(PGT) Critical Reading, Assignment Planning and Writing
Thursday 15th February 2018 @ 13:30-16:30
Being a masters student is challenging, not just because of the level you will be learning
at but also the amount of work (e.g. reading and writing) you’ll be expected to do, and all the while being ‘critical’. With so much to do, using effective strategies will help you to manage the different demands of your masters.
This workshop will focus on practical strategies for masters-level effective reading and writing, and developing your critical thinking during these. Participants will be able to practice some strategies in short exercises during the workshop.
This is an interactive workshop and discussions and questions by participants are warmly encouraged.
As a masters student, you need to be critical… but how? And what exactly does it mean? This quick, interactive online workshop will give you some starter ideas on how to take a more critical approach to thinking generally for your masters.Students are encouraged to ask questions and voice opinions during the workshop.Students are asked to think about what ‘being critical’ means to them.
This workshop does not include Subject or discipline-specific advice
English Language advice
This session will take place via blackboard collaborate (virtual classroom).Booking is required in order to receive the workshop link and further information about how to join the session.
To find out more and to book a place, please click the following link:
There are a series of Learning Resources designed for Masters students on the IAD website, these cover a range of topics including advice on preparing for exams and writing dissertations.
Blogs, Tweets and Newsletter
We regularly post to the iad4 masters blog, advertising upcoming workshops and highlighting advice. We have an twitter account, from which we promote workshops and events that may be of interest. Every month we also send out a Newsletter (via email) which you can receive through your school. You can also find the newsletter online.
We wish you a very happy festive season and a peaceful and prosperous 2018.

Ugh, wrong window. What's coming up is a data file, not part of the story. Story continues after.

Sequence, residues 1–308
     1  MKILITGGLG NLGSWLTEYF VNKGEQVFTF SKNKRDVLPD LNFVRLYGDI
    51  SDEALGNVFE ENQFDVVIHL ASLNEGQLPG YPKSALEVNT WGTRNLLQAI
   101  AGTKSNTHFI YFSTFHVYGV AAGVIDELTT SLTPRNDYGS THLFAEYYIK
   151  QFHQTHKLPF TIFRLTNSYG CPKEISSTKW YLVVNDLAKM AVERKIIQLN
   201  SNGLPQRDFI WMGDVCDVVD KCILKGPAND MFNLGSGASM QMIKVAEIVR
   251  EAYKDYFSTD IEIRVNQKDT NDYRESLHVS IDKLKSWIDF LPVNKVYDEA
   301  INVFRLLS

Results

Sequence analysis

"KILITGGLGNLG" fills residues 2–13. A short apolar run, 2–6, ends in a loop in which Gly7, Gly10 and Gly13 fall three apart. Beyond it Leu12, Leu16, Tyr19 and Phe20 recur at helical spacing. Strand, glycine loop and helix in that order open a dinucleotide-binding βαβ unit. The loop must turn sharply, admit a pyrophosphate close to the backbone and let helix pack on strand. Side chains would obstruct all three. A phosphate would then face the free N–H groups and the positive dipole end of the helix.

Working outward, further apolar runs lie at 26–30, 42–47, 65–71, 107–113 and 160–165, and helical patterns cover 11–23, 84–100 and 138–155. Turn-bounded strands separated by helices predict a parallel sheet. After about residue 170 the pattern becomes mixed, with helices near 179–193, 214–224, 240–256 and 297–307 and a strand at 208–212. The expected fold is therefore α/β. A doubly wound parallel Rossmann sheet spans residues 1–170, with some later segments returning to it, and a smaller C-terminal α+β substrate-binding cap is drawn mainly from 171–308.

To prepare for the coming year, it is always useful to reflect on your experiences and develop how you learn and study. The Institute for Academic Development provides a variety of resources to support Masters students and they are listed below.
Some programmes of study may have exams while others may not.
Exams at taught postgraduate level are an opportunity to demonstrate your insight, knowledge and mastery of your subject. While exams can be daunting, with proper preparation many students come to view exams as enjoyable: exams become an opportunity to consolidate their learning experience.
For exams you may want to consider:
Planning and revision
Strategies for sitting your exams
The Institute for Academic Development has a web page which focuses on exam preparation. The page includes useful resources, planners, revision techniques, and strategies for sitting your exams.
The Institute for Academic Development offers advice and resources to support students with writing effectively at postgraduate level.
The eWriting online course (open-access) is specifically developed for postgraduate students, it covers many aspects of writing successfully at University. It is a self-study course, and you can complete it at any time.
Writing at postgraduate level is a step up in your thinking and writing. You are expected to make accurate attribution of ideas from others, written pieces to be logically structured with fluid expression of thought, and with deeper and more critical engagement with the subjects and ideas you are reading and learning about.
Critical thinking can be applied to:
Bring together different sources of information to serve an argument or idea you are constructing.
Make logical connections between the different sources that help you shape and support your ideas.
Comprehend the key points, assumptions, arguments and evidence presented.
Transfer the understanding you have gained from your critical evaluation and use in response to questions, assignments and projects.
Develop arguments, draw conclusions, make inferences and identify implications. (The Open University, 2009)
‘Critical’ is a word that is frequently used in academic discourse. Students are advised to think, read and write ‘critically’. But what does ‘critical’ actually mean in an academic context? In this workshop we identify qualities that are core to a critical engagement with academic work, and we explore through examples how you can apply critical values to your reading, writing and academic practice.